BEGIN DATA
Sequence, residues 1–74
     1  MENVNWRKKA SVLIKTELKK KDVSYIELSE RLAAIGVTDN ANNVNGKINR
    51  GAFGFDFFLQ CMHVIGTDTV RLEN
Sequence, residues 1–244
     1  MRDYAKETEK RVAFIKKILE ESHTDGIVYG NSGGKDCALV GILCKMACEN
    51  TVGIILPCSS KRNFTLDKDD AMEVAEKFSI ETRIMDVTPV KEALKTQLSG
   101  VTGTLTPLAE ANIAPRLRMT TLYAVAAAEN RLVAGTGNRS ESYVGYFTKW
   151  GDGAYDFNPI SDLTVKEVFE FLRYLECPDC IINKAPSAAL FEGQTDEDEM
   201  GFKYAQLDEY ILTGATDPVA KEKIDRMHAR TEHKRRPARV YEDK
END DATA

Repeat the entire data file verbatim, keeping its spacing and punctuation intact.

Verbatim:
Sequence, residues 1–74
     1  MENVNWRKKA SVLIKTELKK KDVSYIELSE RLAAIGVTDN ANNVNGKINR
    51  GAFGFDFFLQ CMHVIGTDTV RLEN
Sequence, residues 1–244
     1  MRDYAKETEK RVAFIKKILE ESHTDGIVYG NSGGKDCALV GILCKMACEN
    51  TVGIILPCSS KRNFTLDKDD AMEVAEKFSI ETRIMDVTPV KEALKTQLSG
   101  VTGTLTPLAE ANIAPRLRMT TLYAVAAAEN RLVAGTGNRS ESYVGYFTKW
   151  GDGAYDFNPI SDLTVKEVFE FLRYLECPDC IINKAPSAAL FEGQTDEDEM
   201  GFKYAQLDEY ILTGATDPVA KEKIDRMHAR TEHKRRPARV YEDK